Budget Web sites can still do the job.
When I first created Web pages (in the dark ages of the mid-1990s), there were no Web-authoring tools, templates, or style sheets. Making a fill-in form was a major programming accomplishment. Now there are so many options that you can spend a fortune on Web site development.
Unfortunately, most of us don't have lavish budgets. If you're in a business setting, your Web-development budget has likely been reduced recently. If you're at a nonprofit, you probably never had a big budget to begin with. Our users' Web skills are more sophisticated, and their expectations have risen as well. But don't panic. According to Carrie Bickner's book Web Design on a Shoestring, it's still possible to make an appealing and usable Web site without breaking the bank.
Bickner is currently assistant director for digital information and system design at The New York Public Library, where she coordinates Web development and works on individual NYPL projects. She also has freelance experience with developing Web sites for small-business clients. You can see her personal site, The Rogue Librarian, at http://www.roguelibrarian.com. In addition, Bickner offers information about Web Design on a Shoestring, including reviews and excerpts, at http://www.rogue librarian.com/shoestring/index.html.
In the book's introduction, Bickner talks about her years of experience working as a shoestring Web developer. In 1999, she hoped to get a big monetary infusion for her projects, but the city's budget collapsed. She then developed a lean approach to Web development, promoting efficiency and creating some great products. In the process, she realized that she didn't necessarily need lots of money and a big staff. Since many of us are in the same boat, she wrote Web Design on a Shoestring to share her ideas.
The eight chapters focus on different aspects of successful Web design and development. Part I covers production techniques. The first chapter, "Secrets to a Successful Shoestring Project," gets the reader into the right frame of mind. While going through this chapter, I could see immediate applications for my own library's Web site. Some key points: Have a clear focus, and dare to do less. If you're on a budget, pick a limited number of things to do on your Web site, and do them well.
Bickner continues her discussion of focus in Chapter 2, where she talks about the importance of creating a project plan and sticking to it. The plan should include both functional and technical requirements. I especially appreciated the chapter on good design. This is an area that many part-time Web developers need help with. Bickner gives basic yet essential tips about typefaces and colors. If you want to use clip art or photographs, be careful what you choose, and follow her suggestions on visual harmony and image quality.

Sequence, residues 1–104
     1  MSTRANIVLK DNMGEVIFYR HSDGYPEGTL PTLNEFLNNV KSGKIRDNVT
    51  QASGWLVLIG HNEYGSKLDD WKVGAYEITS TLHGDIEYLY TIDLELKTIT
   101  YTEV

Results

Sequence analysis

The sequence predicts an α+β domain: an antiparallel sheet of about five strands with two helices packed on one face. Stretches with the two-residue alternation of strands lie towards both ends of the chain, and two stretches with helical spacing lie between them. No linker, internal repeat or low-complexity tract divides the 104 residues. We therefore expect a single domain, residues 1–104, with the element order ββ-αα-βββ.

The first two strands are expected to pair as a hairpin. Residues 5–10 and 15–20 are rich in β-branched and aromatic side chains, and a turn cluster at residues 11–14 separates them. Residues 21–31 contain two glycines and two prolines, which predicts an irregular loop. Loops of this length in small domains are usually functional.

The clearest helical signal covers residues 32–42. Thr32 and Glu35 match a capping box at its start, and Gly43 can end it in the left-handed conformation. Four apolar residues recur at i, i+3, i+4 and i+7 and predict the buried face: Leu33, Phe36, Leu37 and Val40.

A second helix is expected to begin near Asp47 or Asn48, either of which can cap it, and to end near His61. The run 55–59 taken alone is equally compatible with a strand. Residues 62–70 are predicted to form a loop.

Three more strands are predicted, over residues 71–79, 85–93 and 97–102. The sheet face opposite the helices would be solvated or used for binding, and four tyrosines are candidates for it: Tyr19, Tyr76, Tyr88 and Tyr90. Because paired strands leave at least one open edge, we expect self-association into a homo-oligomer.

Part II describes some of the many tools that can be used for Web development. First, you may want to consider a content management system. There are a wide variety of these packages available, ranging in price from free (open source) to hundreds of thousands of dollars. Bickner uses a sample project to present functional requirements for a CMS and to evaluate a number of the current products.
Bickner strongly emphasizes the use of W3C Web standards. These will save you time and money on development and redesign. Cascading style sheets are also a key timesaver. They allow you to separate a site's design elements from the content and to control the appearance from a central location. Changes only need to be made once rather than for each page. Bickner shows examples of HTML code and Web page appearance to demonstrate the power of CSS. Finally, she gives an overview of Web hosting services.
Web Design on a Shoestring is relatively short (215 pages) and easy to read. It's not an HTML writing guide, though it does assume the reader has at least some experience with building and publishing Web sites. Each chapter starts with a single-page summary of the main points. The book offers many examples of Web sites, both good and bad, and numerous tables that provide handy references. The book's design is simple yet visually appealing, reflecting the principles Bickner advocates.
I really enjoyed Bickner's writing style and immediately wanted to share the book with my colleagues. Her vision of Web development is inspiring for the average information professional: "If you keep at it, you will grow creatively and professionally in ways you never imagined." Web Design on a Shoestring is a great resource, whether you're new to Web development or have been at it for a while and want a quick summary of the latest trends.
Gwen M. Gregory is head of bibliographic services at Colorado College's Tutt Library. Her e-mail address is firstname.lastname@example.org.
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|Title Annotation:||Cover Notes|
|Author:||Gregory, Gwen M.|
|Article Type:||Book Review|
|Date:||Jan 1, 2004|
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